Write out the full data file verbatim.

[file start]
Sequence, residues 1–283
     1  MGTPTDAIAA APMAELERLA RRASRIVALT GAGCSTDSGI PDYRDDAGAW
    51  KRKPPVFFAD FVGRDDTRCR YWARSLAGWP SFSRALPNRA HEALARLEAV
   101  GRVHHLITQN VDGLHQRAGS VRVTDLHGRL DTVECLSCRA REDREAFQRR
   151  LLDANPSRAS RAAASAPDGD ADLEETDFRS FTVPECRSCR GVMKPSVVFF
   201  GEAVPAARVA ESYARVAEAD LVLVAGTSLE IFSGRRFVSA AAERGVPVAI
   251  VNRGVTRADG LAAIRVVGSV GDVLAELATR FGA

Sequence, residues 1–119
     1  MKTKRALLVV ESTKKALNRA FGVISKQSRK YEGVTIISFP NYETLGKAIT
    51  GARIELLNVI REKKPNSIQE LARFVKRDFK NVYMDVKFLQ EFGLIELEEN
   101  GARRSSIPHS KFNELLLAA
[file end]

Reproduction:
Sequence, residues 1–283
     1  MGTPTDAIAA APMAELERLA RRASRIVALT GAGCSTDSGI PDYRDDAGAW
    51  KRKPPVFFAD FVGRDDTRCR YWARSLAGWP SFSRALPNRA HEALARLEAV
   101  GRVHHLITQN VDGLHQRAGS VRVTDLHGRL DTVECLSCRA REDREAFQRR
   151  LLDANPSRAS RAAASAPDGD ADLEETDFRS FTVPECRSCR GVMKPSVVFF
   201  GEAVPAARVA ESYARVAEAD LVLVAGTSLE IFSGRRFVSA AAERGVPVAI
   251  VNRGVTRADG LAAIRVVGSV GDVLAELATR FGA

Sequence, residues 1–119
     1  MKTKRALLVV ESTKKALNRA FGVISKQSRK YEGVTIISFP NYETLGKAIT
    51  GARIELLNVI REKKPNSIQE LARFVKRDFK NVYMDVKFLQ EFGLIELEEN
   101  GARRSSIPHS KFNELLLAA